The pressure at which a contaminant containing feedstock stream will be contacted with the adsorbent in the adsorbent bed is preferably sufficient to insure that the feedstock stream will be in liquid phase or have a minimum amount in vapor phase at the time of contacting the fixed bed adsorbent to insure good contacting. Thus for a NGL stream such as is used in hydrodesulfurization according to a preferred embodiment of the instant invention, the pressure will generally be below about 700 psia (pounds per square inch absolute).

Weight hourly space velocity (WHSV), i.e., pounds feedstock per pound adsorbent per hour can be in the range of about 0.2 to about 20 with a preferred range being from about 1 to about 5 WHSV since this is a normal range for many hydroprocesses.

To further illustrate the present invention, the following Examples are provided.

EXAMPLE I

A series of adsorption runs was made in small laboratory adsorption beds. A natural gas liquids feed containing about 200 ppm (parts per million) of Dow Corning 2000 silicone antifoaming agent in n-heptane was charged to adsorbent beds containing the adsorbent specified in Table I below. Adsorbents tested include: MgO (magnesia or magnesium oxide); attapulgite clay in the form of Millwhite Clay having the characteristics set out below in Table II; montmorillonite clay in the form of a relatively higher acidity clay such as Filtrol 24 and in the form of a relatively lower acidity clay such as Filtrol 71, the montmorillonite clays having the characteristics set out in Table III below; bauxite in the form of Porocel bauxite, having the characteristics set out in Table IV below; and amorphous silicon dioxide in the form of an intermediate density silica gel such as Davison 59 SiO2 having characteristics set out in Table V below as well as in the form of a regular density silica gel such as Sol-Gel 300 having the characteristics set out in Table VI below. Operation of the adsorbent bed was at 200° F. (93° C.), liquid phase, at a WHSV (weight hourly space velocity) of 1. The concentration of silicone in the effluent was determined by an induction coupled plasma spectrometer. Results are presented in Table I below.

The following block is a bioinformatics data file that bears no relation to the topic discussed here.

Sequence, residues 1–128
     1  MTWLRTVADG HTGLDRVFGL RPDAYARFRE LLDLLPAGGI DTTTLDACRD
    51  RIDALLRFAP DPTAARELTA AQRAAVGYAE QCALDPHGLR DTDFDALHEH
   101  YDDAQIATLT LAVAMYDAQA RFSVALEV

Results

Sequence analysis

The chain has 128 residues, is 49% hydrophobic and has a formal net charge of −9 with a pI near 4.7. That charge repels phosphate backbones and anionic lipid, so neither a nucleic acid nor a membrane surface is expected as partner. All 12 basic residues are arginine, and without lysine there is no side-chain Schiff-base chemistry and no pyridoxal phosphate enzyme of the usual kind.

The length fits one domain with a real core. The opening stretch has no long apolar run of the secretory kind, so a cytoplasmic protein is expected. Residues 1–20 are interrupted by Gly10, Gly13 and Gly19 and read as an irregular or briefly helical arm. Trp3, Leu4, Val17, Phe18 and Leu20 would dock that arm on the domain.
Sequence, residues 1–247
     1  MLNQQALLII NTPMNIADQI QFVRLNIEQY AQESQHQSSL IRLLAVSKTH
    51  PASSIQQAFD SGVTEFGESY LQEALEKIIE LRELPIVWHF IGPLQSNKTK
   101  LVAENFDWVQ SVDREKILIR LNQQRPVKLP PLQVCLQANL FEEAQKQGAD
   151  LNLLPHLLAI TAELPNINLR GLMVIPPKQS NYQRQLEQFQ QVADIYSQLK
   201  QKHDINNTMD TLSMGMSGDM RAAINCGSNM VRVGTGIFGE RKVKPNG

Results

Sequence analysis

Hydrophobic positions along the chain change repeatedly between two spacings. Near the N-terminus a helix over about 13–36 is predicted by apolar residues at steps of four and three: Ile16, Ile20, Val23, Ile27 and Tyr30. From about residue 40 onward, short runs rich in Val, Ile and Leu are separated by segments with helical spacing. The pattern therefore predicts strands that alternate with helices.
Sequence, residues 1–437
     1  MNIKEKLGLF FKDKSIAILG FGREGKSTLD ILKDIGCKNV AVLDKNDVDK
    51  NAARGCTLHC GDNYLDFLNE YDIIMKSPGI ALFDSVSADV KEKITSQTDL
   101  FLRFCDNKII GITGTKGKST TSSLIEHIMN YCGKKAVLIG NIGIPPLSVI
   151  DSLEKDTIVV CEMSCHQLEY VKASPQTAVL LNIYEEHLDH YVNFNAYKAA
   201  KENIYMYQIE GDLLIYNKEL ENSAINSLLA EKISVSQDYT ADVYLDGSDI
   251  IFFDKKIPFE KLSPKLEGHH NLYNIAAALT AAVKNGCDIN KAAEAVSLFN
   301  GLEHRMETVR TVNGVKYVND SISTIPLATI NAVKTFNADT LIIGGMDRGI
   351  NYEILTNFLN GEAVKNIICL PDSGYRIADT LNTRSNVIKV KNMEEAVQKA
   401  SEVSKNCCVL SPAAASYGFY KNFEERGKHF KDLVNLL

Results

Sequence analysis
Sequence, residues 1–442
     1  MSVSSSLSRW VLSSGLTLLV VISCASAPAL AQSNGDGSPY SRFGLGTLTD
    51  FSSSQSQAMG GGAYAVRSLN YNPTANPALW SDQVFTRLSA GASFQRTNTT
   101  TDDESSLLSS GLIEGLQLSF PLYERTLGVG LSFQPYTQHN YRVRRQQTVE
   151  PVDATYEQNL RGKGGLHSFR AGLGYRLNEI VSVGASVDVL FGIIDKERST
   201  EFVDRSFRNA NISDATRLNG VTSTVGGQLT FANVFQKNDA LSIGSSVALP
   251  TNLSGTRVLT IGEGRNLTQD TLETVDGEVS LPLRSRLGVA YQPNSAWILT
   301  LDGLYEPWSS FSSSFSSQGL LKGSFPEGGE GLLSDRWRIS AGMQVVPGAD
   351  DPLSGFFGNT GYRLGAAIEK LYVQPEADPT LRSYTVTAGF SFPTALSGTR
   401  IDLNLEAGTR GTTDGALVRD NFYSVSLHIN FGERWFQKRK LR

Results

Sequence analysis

Materials employed in these runs are available as follows: Dow Corning 2000 silicone antifoaming agent from Dow Corning Corp., Midland, Mich.; MgO magnesia from Alfa Div., Ventron Corp., Danvers, MA; Filtrol 24 and Filtrol 71 montmorillonite clays from Filtrol Corp., Los Angeles, Ca; Davison 59 SiO2 from Davison Chemical Div., W. R. Grace & Co., Baltimore, Md.; Porocel bauxite from Porocel Corp., Menlo Park, NJ; and Sol-Gel 300 from Sol-Gel Corp., Pritchard, Ala.

              TABLE I______________________________________Concen-  On Stream Time (Days)tration of                        Dav-        Sol-Silicone in     Mill-   Fil- Fil- ison        GelEffluent        white   trol trol 59   Porocel                                         300(ppm)    MgO    Clay    24   71   SiO2                                  Bauxite                                         SiO2______________________________________0        0      0       0    3.0  3.0  3.020       0.08   0.08    2.0  3.6  3.8  3.4    13.2100      0.5    0.5     6.2  4.7  5.7  4.25   13.6______________________________________

              TABLE II______________________________________(Millwhite Clay attapulgite)______________________________________Chemical CompositionSiO2              67% a.Al2 O3       13%Fe2 03       4%MgO                    11%CaO                    2%K2 O              0.6%Na2 O             0.3%TiO2              0.6%Physical PropertiesLoss on Ignition       20%Bulk Density           0.5 g/mlPore Volume            0.6 ml/gSurface Area           120 m2 /g______________________________________ a. All percentage figures in Table II through Table VI are given as weight percents on a dry weight basis.

              TABLE III______________________________________(Montmorillonite Clays)a.           Filtrol 24                     Filtrol 71______________________________________Particle Size Analysis by TylerStandard SieveThrough 16 mesh     --        100%Through 20 mesh   100%          --Through 30 mesh     --        98%Through 60 mesh   5%          35%Through 200 mesh              1%Free moisture, wt. %             10%         15%Free and Combined Moisture,wt. % (Loss at 1700° F.)             15 (max.) % 21 (max.) %Bulk Density, lbs/cu ft             47 lbs/cu ft                         45.0 lbs/cu ftParticle Density  1.3         1.3Surface Area,N2 Adsorption(Brunauer, Emmett,and Teller Method)             280-300     270-290m2 /gAcidity (determined bytitrating withKOH to phenolphthaleinend point)        12-20 mg    8.0 mg             KOH/g       KOH/gpH                  --        3.0______________________________________ a. A dash indicates that the information was not available.

              TABLE IV______________________________________(Porocel bauxite)______________________________________Chemical AnalysisSilica, as Silicon dioxide                  15%Aluminum, as Al2 03                  80%Iron, as Fe2 03                  4%Titanium, as Ti02 1.0%Physical PropertiesLoss on Ignition       12%Bulk Density           6.8 g/mlPore Volume            0.26 ml/gSurface Area           140 m2 /g______________________________________

              TABLE V______________________________________(Davison 59 SiO2)______________________________________Chemical AnalysisSilica, as SiO2  >99%Physical PropertiesTotal Volatile(% at 1750° F.)                 3.5Apparent density (bulk)                 25.0 lbs/ft3                 (400 kg/meter3)Surface Area          340 m2 /gParticle Size         1.15 cc/gParticle Size (Tyler Sieve)                 3-8 mesh______________________________________